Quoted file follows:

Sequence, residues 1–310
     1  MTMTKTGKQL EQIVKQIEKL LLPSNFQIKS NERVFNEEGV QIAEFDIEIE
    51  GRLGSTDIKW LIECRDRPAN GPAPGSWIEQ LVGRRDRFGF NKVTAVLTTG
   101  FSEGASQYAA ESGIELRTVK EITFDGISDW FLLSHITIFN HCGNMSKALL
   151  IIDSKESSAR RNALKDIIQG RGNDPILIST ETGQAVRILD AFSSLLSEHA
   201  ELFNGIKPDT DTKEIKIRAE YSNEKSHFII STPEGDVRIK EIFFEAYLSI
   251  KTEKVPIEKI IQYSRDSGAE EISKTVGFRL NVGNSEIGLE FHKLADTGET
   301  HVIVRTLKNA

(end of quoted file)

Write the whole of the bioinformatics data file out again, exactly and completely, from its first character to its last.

Sequence, residues 1–310
     1  MTMTKTGKQL EQIVKQIEKL LLPSNFQIKS NERVFNEEGV QIAEFDIEIE
    51  GRLGSTDIKW LIECRDRPAN GPAPGSWIEQ LVGRRDRFGF NKVTAVLTTG
   101  FSEGASQYAA ESGIELRTVK EITFDGISDW FLLSHITIFN HCGNMSKALL
   151  IIDSKESSAR RNALKDIIQG RGNDPILIST ETGQAVRILD AFSSLLSEHA
   201  ELFNGIKPDT DTKEIKIRAE YSNEKSHFII STPEGDVRIK EIFFEAYLSI
   251  KTEKVPIEKI IQYSRDSGAE EISKTVGFRL NVGNSEIGLE FHKLADTGET
   301  HVIVRTLKNA